“The serpent is a symbol of sin. The serpent that kills but also a serpent that saves. And this is the Mystery of Christ.  Paul, when speaking about this mystery, said the Jesus emptied himself, humiliated himself and annihilated himself in order to save us.  And (what’s) even stronger, ‘he became sin.  Using this symbol, he became a serpent. This is the prophetic message of today’s reading. The Son of Man, who like a serpent, ‘became sin,’ is raised up to save us.”
Pope Francis went on to explain that this is “the story of our redemption, this is the story of God’s love. If we want to know God’s love, let us look at the Cross, a man being tortured” a God, “emptied of his divinity,” “dirtied by sin.” But at the same time, he concluded, a God who through his self-annihilation, defeats for ever the true name of evil, that which the Book of Revelation calls the ancient serpent.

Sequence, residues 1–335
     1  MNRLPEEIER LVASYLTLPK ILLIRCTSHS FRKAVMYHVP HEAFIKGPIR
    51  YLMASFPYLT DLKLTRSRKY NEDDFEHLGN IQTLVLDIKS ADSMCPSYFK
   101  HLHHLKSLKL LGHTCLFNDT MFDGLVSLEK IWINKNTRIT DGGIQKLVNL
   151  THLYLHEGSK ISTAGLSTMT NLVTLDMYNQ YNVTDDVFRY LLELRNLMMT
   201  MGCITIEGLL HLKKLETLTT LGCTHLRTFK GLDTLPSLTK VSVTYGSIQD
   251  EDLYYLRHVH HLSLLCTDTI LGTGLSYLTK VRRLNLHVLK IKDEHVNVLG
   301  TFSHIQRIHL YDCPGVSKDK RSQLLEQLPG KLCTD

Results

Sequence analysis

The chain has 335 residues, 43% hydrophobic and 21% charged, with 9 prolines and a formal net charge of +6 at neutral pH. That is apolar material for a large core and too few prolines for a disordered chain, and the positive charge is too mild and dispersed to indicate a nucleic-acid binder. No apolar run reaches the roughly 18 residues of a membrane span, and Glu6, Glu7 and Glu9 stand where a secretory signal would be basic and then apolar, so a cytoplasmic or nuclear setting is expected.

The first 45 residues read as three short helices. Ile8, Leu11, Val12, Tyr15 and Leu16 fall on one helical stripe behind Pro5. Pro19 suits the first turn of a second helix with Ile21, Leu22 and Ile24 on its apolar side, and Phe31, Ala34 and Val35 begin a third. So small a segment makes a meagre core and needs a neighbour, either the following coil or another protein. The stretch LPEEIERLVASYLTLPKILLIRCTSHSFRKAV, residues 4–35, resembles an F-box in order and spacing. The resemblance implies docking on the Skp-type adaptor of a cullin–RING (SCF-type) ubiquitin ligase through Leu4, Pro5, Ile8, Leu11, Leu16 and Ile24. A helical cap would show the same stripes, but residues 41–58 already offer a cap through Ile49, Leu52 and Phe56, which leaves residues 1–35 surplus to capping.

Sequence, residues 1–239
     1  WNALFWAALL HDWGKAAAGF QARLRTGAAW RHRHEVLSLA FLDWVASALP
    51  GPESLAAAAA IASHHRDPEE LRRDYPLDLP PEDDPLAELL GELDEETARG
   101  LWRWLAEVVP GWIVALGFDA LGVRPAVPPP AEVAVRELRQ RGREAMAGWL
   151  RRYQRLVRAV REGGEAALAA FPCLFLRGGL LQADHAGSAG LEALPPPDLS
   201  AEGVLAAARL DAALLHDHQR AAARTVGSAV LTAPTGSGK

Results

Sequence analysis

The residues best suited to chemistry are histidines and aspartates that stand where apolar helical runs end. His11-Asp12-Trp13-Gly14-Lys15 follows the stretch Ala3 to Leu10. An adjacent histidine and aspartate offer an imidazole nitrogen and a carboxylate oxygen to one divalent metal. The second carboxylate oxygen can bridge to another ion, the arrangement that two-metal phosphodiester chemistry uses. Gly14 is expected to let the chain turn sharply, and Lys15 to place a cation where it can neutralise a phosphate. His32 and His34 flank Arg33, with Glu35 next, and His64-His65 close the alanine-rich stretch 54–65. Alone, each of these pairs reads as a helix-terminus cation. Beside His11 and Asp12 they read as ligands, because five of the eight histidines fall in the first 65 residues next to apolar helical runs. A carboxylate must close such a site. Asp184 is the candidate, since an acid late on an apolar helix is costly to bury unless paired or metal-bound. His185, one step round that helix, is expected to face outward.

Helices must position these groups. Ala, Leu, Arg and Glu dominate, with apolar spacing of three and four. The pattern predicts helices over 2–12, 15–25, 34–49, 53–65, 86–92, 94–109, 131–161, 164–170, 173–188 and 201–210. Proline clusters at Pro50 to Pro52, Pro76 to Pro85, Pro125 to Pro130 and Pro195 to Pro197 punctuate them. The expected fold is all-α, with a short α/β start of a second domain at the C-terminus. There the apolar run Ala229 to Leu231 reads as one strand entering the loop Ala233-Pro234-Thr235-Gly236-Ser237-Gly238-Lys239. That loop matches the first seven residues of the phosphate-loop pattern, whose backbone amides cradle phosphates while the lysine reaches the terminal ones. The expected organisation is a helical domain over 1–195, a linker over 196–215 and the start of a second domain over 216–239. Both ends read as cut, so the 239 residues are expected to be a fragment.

“Sin is the work of Satan and Jesus defeats Satan by “becoming sin” and from there he lifts up all of us. The Cross is not an ornament or a work of art with many precious stones as we see around us. The Cross is the Mystery of God’s annihilation for love.  And the serpent that makes a prophecy in the desert is salvation, it is raised up and whoever looks at it is healed.  And this is not done with a magic wand by a God who does these things: No! This is done through the suffering of the Son of Man, through the suffering of Jesus Christ.”
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Readings provided by the US bishops’ conference: